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Britain is About to Tear up 900 Years of Legal Independence, and No One Has Even Noticed

Britain is About to Tear up 900 Years of Legal Independence, and No One Has Even Noticed

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Today Parliament votes on extending the European Arrest Warrant scheme. Indefinitely.

I’m perplexed. Usually when we approach a significant milestone in this country we hold a national commemoration of sorts.

But alas, thanks to David Cameron’s Three-Line-Whip, and the grim tendency of today’s MPs to fall into line by putting Party before country (and self before children/grandchildren), we seriously face the prospect of Britain falling one year short of a worthy 900th anniversary next year: of the independence of the British legal system.

How can I say this?

Because we appear to be tearing up almost a millennium of hard-won legal rights, to accommodate the free movement of (at most) several hundred European criminals – or ‘alleged’ criminals.

At least, that’s how I would explain it to an alien in an elevator pitch.

As a police officer told me recently, “we wouldn’t be supporting these powers if politicians didn’t keep pushing free movement and EU expansion.”

So, before this ‘wicked’ Parliament (and I don’t use this word as enthused street-slang) fires another nail into the coffin of citizenship and justice, not just for Britons, but all European residents, let’s reiterate some highlights from times before November 2014, when British generations slowly triumphed to be the masters of their own judicial system.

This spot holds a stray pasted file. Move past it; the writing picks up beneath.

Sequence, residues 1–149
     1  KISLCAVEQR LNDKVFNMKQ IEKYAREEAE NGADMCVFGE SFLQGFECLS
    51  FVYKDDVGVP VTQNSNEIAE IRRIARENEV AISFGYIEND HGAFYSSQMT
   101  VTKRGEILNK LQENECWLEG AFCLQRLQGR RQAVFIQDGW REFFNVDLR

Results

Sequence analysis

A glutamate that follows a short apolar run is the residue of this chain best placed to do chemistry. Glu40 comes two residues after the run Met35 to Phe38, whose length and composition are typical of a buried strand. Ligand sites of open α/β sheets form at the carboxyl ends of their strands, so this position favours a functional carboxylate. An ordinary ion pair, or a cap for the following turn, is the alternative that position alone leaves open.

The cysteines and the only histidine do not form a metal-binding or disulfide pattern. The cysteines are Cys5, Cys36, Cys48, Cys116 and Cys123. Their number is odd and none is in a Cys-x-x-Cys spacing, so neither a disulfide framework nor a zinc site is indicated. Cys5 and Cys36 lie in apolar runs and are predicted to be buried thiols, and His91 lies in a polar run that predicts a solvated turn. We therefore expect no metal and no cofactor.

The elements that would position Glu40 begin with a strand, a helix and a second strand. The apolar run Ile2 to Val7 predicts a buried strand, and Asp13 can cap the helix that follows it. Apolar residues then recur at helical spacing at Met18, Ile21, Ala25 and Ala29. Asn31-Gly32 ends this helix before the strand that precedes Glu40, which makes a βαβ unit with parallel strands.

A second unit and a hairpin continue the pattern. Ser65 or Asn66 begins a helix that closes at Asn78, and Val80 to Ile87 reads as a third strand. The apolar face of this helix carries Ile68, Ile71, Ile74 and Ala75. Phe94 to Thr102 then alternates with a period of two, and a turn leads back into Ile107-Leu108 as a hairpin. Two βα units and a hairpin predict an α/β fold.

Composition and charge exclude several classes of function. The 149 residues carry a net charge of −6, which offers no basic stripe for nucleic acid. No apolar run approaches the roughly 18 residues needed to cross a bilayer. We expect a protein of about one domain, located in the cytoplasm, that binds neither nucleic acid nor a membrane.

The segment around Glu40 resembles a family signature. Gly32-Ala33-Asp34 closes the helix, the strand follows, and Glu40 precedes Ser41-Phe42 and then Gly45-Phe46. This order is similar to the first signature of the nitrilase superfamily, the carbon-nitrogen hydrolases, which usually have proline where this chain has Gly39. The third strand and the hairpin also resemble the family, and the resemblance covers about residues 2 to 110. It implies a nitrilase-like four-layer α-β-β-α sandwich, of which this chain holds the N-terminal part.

To summarise, 899 years of glory. Here goes:

1215: Magna Carta: a promising start: a partnership between King John and England’s feudal baron’s to limit his powers and protect their rights.

1688/9: Bill of Rights: an Act of Parliament that restated the limits of Crown powers, established the rights of Parliament, elections, and requirements of the Crown to seek the consent of the people. The UK Bill inspired the US Bill of Rights a century later.

1772: Somersett v Stewart: a successful prevention of deportation for slave Somersett from British shores, then his release, by Judge Mansfield, who accepted Habeas Corpus (an ancient writ requiring that a person under arrest/imprisonment in Britain, must be brought before a judge).

1829: Home Secretary Robert Peel’s ‘Nine Instructions’ to police, including, foremost, the notion of ‘Policing by Consent’ and rule 7: “To maintain at all times a relationship with the public that gives reality to the historic tradition that the police are the public and that the public are the police…”

For certain, our criminal justice system, has always had frailties and controversies. We’ve had to learn the hard way with some gruelling lessons. Here’s some recent cases and lessons for reflection:

1989 and 1991: the successful appeals of convicted IRA bombers dubbed the ‘Guildford Four’ and ‘Birmingham Six’. In both cases, crucial alibi evidence was not shown to the defence and police extracted false confessions. Innocent men served fifteen years in prison, one dying in prison before his appeal.  In the Birmingham case, forensic evidence was error-ridden, mistakes then suppressed so as to not expose the chief scientist, Dr Skuse, to humiliation, and the Crown to dozens of subsequent appeals.

The awful lesson here being, that miscarriages of justice can and do happen. But it is only in a democratically accountable criminal justice system, that families, reporters, new investigators and government ministers, can more effectively mobilise to correct (but never make good) such tragic errors and corruptions.